We are a team of ASE certified mechanics that have created this ABS brake
bleed service guide to help you save money or at least see what you are paying
for when having the job done.
What Goes Wrong?
When doing brake service work air can get trapped inside the system causing
the brake pedal to go to the
floor or be spongy. ABS brake systems can be especially tricky because air
can become trapped inside the ABS controller valves which under normal bleeding
procedures will not remove. Moisture also plays a part in the requirement of a brake bleed or flush. In the normal operation of the
brake system moisture is created in the form of condensation when the brakes are
heated and then cooled. Rust will then form which will create pits in the
caliper/wheel cylinder piston or cylinder bore which will cause leaks and bypass
the rubber seal eventually causing a leak.
How Much Does It Cost?
When having a simple brake bleed done at a repair garage or the dealer it
will cost about 1.2 to 2.0 hours of shop time. If you are doing a brake bleed
yourself the cost will be a small amount of brake fluid or about $5.00 dollars (US).
Let's Jump in!
Most of the time a normal brake bleed will be sufficient to return the
brake pedal to normal operating conditions, but occasionally air will get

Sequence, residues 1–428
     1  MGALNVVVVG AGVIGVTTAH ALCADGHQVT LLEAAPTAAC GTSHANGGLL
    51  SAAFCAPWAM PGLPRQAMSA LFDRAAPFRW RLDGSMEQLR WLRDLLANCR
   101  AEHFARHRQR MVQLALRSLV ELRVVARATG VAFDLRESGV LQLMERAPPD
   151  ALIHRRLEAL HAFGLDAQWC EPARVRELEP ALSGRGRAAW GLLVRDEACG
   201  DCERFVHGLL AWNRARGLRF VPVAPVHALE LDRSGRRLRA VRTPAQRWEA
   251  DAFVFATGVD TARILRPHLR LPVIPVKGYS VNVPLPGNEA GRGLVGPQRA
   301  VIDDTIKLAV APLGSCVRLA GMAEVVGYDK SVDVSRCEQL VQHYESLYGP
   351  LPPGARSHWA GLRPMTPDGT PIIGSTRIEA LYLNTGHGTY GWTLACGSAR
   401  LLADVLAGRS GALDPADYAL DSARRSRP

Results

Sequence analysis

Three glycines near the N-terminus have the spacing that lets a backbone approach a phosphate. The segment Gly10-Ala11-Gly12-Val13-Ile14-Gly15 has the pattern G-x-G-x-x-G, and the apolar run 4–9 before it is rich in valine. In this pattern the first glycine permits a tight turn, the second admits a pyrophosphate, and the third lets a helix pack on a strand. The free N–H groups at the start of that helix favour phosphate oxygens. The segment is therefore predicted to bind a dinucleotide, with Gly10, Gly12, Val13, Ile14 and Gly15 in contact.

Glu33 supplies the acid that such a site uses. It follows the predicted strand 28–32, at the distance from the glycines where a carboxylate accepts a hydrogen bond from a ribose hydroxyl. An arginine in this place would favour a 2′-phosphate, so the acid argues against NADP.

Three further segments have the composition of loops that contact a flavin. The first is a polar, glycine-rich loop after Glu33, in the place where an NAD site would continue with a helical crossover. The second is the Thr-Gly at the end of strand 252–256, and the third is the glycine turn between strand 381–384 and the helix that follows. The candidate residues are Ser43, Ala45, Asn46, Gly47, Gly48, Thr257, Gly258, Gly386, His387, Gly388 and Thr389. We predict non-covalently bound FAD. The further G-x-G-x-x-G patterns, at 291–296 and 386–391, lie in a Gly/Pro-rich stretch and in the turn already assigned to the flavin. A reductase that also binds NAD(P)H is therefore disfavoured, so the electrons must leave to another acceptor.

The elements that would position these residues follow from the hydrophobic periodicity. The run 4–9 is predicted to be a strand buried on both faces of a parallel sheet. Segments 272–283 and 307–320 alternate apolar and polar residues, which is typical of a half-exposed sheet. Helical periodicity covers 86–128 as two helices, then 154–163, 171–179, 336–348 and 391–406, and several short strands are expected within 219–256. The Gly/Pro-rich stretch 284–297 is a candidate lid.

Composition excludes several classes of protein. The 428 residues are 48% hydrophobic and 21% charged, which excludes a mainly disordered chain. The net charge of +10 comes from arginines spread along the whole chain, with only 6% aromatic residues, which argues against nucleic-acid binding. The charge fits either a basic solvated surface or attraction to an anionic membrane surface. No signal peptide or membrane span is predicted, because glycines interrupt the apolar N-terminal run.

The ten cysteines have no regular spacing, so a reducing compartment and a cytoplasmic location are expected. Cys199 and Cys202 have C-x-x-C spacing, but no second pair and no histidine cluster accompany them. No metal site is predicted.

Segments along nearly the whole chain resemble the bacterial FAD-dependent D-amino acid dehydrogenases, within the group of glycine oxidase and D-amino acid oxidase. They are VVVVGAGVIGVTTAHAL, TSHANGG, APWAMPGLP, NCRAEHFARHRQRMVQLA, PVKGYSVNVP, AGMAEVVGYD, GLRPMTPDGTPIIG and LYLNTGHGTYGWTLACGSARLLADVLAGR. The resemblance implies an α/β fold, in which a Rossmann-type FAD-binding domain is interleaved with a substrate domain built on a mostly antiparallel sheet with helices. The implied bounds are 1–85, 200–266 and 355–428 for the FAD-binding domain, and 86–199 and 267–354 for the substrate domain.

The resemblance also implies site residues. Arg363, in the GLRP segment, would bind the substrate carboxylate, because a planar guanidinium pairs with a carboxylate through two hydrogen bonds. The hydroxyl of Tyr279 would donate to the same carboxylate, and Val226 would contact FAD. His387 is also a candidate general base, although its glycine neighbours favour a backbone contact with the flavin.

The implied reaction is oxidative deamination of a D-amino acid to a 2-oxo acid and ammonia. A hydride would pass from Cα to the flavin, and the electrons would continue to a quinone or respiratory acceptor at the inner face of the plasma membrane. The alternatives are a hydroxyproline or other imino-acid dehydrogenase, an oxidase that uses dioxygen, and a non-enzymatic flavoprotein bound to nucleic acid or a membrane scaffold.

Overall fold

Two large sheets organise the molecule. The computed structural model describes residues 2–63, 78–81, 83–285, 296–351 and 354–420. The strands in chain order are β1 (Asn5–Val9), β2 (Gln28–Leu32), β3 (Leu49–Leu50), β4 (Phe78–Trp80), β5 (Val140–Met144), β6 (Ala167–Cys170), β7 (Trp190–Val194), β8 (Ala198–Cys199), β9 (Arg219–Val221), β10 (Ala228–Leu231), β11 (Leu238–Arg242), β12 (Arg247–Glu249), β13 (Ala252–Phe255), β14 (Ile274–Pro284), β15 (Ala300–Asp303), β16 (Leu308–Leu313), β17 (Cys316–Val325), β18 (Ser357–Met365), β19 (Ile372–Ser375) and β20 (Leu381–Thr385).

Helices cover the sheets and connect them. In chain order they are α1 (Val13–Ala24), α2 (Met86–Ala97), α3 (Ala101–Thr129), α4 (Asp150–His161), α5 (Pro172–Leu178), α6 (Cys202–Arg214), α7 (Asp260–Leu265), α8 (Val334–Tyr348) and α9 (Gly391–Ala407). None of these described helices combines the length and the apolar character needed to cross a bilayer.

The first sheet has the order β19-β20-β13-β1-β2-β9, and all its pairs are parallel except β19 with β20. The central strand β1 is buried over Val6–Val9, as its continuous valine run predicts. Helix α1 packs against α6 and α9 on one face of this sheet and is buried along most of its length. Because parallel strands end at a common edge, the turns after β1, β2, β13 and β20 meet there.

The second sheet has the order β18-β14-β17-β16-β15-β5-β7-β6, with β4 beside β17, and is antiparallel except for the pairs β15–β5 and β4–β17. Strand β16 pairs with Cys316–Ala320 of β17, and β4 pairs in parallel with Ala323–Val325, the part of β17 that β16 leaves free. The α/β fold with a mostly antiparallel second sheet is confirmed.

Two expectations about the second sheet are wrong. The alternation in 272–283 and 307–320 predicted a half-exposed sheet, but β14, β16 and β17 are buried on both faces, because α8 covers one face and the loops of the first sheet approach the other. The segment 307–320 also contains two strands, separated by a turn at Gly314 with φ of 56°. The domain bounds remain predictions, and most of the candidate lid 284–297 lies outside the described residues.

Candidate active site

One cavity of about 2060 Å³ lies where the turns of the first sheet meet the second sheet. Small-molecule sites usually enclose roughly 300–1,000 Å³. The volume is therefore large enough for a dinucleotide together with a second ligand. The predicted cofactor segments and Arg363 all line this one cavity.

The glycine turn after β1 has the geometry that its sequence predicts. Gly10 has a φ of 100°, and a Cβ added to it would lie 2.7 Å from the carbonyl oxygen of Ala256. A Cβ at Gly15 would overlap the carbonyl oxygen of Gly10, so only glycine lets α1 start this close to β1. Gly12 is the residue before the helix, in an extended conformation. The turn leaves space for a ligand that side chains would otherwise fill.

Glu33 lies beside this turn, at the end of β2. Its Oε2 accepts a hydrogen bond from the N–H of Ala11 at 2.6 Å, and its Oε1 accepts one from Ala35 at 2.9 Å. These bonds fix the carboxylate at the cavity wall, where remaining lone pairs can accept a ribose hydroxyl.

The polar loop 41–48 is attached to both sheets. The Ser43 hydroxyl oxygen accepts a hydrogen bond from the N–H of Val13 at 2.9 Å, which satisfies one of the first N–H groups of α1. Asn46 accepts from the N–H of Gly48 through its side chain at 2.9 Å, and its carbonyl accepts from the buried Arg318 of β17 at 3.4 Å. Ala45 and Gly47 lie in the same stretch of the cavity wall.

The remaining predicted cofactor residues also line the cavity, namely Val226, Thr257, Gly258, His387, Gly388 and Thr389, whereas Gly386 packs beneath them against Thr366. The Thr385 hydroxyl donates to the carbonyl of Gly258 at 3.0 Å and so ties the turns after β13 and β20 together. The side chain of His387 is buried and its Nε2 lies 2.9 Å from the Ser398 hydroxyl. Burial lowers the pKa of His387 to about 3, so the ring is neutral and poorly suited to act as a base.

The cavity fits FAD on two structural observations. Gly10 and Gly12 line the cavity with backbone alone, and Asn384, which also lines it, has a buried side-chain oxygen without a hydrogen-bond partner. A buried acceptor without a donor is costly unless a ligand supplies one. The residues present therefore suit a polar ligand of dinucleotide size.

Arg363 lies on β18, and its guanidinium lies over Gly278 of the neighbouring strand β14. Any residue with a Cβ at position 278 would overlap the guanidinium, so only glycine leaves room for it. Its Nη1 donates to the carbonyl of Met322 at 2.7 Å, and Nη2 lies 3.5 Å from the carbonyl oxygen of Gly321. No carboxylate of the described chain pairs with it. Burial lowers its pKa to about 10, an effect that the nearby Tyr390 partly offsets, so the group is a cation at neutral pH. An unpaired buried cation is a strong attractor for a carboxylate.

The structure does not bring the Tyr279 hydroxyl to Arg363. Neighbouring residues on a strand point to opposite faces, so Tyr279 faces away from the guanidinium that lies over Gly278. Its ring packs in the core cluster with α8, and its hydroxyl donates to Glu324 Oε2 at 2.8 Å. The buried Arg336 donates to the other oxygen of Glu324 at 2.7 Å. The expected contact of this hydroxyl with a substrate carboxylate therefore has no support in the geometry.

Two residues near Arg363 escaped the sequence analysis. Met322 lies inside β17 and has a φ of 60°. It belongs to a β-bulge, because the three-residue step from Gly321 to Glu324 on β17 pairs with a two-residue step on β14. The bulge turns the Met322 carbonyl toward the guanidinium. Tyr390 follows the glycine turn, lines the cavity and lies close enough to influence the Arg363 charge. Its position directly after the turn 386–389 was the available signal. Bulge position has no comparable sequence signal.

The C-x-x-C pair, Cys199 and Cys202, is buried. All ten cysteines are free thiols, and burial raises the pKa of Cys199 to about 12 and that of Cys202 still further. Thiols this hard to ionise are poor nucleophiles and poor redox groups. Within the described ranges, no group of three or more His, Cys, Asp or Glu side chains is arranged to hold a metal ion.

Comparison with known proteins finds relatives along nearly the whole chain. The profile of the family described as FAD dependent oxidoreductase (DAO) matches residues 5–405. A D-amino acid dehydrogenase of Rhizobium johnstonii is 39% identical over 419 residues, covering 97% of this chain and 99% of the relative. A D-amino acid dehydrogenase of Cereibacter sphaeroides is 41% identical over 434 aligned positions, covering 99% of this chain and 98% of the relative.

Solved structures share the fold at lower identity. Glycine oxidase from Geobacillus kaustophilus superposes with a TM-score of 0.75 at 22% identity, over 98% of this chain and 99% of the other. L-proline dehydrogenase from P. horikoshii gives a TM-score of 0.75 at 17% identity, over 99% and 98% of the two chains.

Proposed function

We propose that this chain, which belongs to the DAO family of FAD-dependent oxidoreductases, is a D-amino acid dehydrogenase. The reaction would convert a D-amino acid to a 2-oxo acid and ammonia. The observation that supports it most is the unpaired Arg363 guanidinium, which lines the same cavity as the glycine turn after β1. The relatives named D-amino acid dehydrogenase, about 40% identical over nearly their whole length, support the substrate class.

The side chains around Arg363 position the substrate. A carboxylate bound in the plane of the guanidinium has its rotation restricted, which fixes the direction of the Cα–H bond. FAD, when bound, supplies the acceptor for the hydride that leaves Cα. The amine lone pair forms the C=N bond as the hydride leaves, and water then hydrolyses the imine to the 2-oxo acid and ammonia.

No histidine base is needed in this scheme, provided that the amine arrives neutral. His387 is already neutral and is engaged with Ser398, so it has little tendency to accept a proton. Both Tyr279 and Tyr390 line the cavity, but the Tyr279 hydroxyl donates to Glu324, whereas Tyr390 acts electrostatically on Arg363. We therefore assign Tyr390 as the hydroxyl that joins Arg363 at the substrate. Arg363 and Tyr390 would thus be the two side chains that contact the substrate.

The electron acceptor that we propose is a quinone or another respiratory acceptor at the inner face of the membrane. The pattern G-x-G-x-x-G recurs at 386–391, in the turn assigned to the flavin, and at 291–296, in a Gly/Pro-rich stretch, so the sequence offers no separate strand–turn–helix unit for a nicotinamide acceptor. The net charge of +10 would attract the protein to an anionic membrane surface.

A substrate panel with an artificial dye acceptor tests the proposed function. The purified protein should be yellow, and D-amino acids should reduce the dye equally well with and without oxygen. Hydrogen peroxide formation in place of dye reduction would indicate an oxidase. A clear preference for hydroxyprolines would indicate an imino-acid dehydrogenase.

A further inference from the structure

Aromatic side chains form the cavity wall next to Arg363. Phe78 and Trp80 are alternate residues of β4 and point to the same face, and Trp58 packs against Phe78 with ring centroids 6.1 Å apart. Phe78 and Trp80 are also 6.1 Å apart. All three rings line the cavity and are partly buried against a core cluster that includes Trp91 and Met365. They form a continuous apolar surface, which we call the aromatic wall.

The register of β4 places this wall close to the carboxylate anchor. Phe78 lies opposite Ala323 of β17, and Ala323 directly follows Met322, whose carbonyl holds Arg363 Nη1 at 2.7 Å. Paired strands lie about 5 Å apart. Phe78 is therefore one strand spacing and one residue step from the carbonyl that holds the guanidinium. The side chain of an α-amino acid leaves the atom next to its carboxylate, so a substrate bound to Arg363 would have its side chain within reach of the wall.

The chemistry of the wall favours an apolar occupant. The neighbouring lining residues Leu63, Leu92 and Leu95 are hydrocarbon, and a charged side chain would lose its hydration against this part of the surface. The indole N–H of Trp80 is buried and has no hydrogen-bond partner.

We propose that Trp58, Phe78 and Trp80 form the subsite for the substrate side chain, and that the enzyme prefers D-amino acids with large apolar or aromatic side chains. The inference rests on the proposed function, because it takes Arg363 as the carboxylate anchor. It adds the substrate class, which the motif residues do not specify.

trapped inside the ABS module control valves. We will cover the normal bleed
and further down (bottom) in this guide the ABS version which includes opening the
ABS control valves which will purge the remainder of the air. Start with the vehicle on level ground. Engine off and the
car lifted safely using jack stands.
Before we begin fill the
cylinder completely while avoiding spillage, if you do accidentally have
a spill quickly use soap and water to rinse the area clean, add only
manufacturer recommended fluid.
Before opening the master cylinder use a shop towel to wipe it clean.
This will help keep dirt out of the reservoir which can cause seal failure by contaminating the fluid.
Grasp the lid and twist counterclockwise to remove it. Some lids have a
fluid level sensor that has wires attached which you can pull directly upward. Once
removed, wipe off any excess fluid and set it off to the side.
When adding brake fluid you may need to use a funnel to aid in the
process, continue adding until the fluid reaches the full line and then
remove the funnel. Most brake systems use a DOT 3 or DOT 4 fluid but if you
are not sure consult your vehicle's owner's manual or it will mention the
fluid type on the lid of the master cylinder. Reinstall the reservoir cap and wipe off an access fluid. You are ready to bleed the brake system.
Locate all four brake fluid bleeder fittings located near the top of
each brake caliper or wheel cylinder on each wheel which may have a dust cap
Using a small screwdriver or pick remove the bleeder dust cap and place it to the side to be reinstalled once the job is
Watch the Video!
This video features a brake bleed and flush, when finished read through
the remainder of the guide to glean additional information, the ABS bleed
video is further down.
Bleeder screws can be fairly tight, apply WD40 or equivalent to aid in
rust removal if needed and use a 6 point socket which is best to avoid
stripping. Once broken loose, place a boxed end wrench over the bleeder and